Also, for me, the learning curve is the most fun part. To be honest I've become terribly addicted to this long range shooting and don't see any time in the near or distant future that I'll put it down.

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Old 04-13-2011, 07:15 AM   #14
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Shooting 1000 yard is a commitment most can't or won't make. For years I shot out to 600 yards before I got into the 1000 yard stuff last year. I had always considered myself a fairly good shot and that my trigger technique and position shooting was good. I got with a shooting club while I was having my rifle built and when the rifle was completed I started to shoot with them. I shot at a couple of their practice sessions and was keeping on paper out to 1000 yards but was struggeling with POI consistancy on the target.

The club puts on a long range clinic every year. Last year I paid my money and signed up for it. At this clinic we had class time then range time with coaches to watch, spot, and correct us newbies. At that clinic I found that I had several habits in sooting techniques that had to go. Mostly it was trigger techniaues and leastly it was positional errors. Positional errors were easy to correct but the "bad" trigger habits that I had gotten away with for many years were and still are difficult to overcome. The more I dry fire parctice and get live fire trigger time the easier it gets overcoming my "bad" trigger techniques. Since this clinic every time I go out I'm seeing continueing improvement every time. (More 10 rings and more X rings) Thats not to say I still don't get fliers on target but I can now usually call POI's before they get to target.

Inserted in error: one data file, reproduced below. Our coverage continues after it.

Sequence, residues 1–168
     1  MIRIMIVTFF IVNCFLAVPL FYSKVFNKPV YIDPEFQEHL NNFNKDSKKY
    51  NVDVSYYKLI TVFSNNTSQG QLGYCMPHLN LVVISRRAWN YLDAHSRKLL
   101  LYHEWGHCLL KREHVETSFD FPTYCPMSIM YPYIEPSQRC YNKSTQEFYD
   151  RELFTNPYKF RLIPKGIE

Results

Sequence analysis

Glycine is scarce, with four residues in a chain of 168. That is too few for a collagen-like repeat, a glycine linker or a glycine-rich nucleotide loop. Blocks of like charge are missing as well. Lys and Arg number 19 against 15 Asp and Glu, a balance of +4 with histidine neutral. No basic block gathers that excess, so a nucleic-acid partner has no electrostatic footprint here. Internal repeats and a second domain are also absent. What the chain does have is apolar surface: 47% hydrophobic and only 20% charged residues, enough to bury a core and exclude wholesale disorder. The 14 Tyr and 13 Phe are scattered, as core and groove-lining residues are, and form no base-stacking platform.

Also, for me, the learning curve is the most fun part. To be honest I've become terribly addicted to this long range shooting and don't see any time in the near or distant future that I'll put it down.
Will you be shooting or watching the 600/1000 yard NBRSA Nationals next week at Sac. Valley?

-Rick
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Old 04-13-2011, 07:35 AM   #15
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Will you be shooting or watching the 600/1000 yard NBRSA Nationals next week at Sac. Valley?

-Rick
No, work load wont allow it. I'm self employeed and I'm a bit over loaded with work right now. Going to try to be shooting practice the end of this month but no guarantees.